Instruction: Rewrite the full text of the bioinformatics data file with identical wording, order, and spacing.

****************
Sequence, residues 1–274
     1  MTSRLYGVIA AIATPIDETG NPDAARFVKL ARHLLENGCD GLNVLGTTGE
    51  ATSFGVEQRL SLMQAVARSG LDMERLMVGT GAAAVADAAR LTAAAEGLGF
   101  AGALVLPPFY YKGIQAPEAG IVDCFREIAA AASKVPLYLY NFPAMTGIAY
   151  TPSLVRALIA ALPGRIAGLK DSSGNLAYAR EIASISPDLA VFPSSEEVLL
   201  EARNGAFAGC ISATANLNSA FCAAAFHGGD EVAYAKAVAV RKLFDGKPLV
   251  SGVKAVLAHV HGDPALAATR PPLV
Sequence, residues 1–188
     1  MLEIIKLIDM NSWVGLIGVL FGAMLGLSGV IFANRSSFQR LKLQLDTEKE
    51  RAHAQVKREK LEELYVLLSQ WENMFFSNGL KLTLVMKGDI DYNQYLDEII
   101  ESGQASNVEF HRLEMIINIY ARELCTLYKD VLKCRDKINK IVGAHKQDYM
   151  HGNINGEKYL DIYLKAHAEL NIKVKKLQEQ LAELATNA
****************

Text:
Sequence, residues 1–274
     1  MTSRLYGVIA AIATPIDETG NPDAARFVKL ARHLLENGCD GLNVLGTTGE
    51  ATSFGVEQRL SLMQAVARSG LDMERLMVGT GAAAVADAAR LTAAAEGLGF
   101  AGALVLPPFY YKGIQAPEAG IVDCFREIAA AASKVPLYLY NFPAMTGIAY
   151  TPSLVRALIA ALPGRIAGLK DSSGNLAYAR EIASISPDLA VFPSSEEVLL
   201  EARNGAFAGC ISATANLNSA FCAAAFHGGD EVAYAKAVAV RKLFDGKPLV
   251  SGVKAVLAHV HGDPALAATR PPLV
Sequence, residues 1–188
     1  MLEIIKLIDM NSWVGLIGVL FGAMLGLSGV IFANRSSFQR LKLQLDTEKE
    51  RAHAQVKREK LEELYVLLSQ WENMFFSNGL KLTLVMKGDI DYNQYLDEII
   101  ESGQASNVEF HRLEMIINIY ARELCTLYKD VLKCRDKINK IVGAHKQDYM
   151  HGNINGEKYL DIYLKAHAEL NIKVKKLQEQ LAELATNA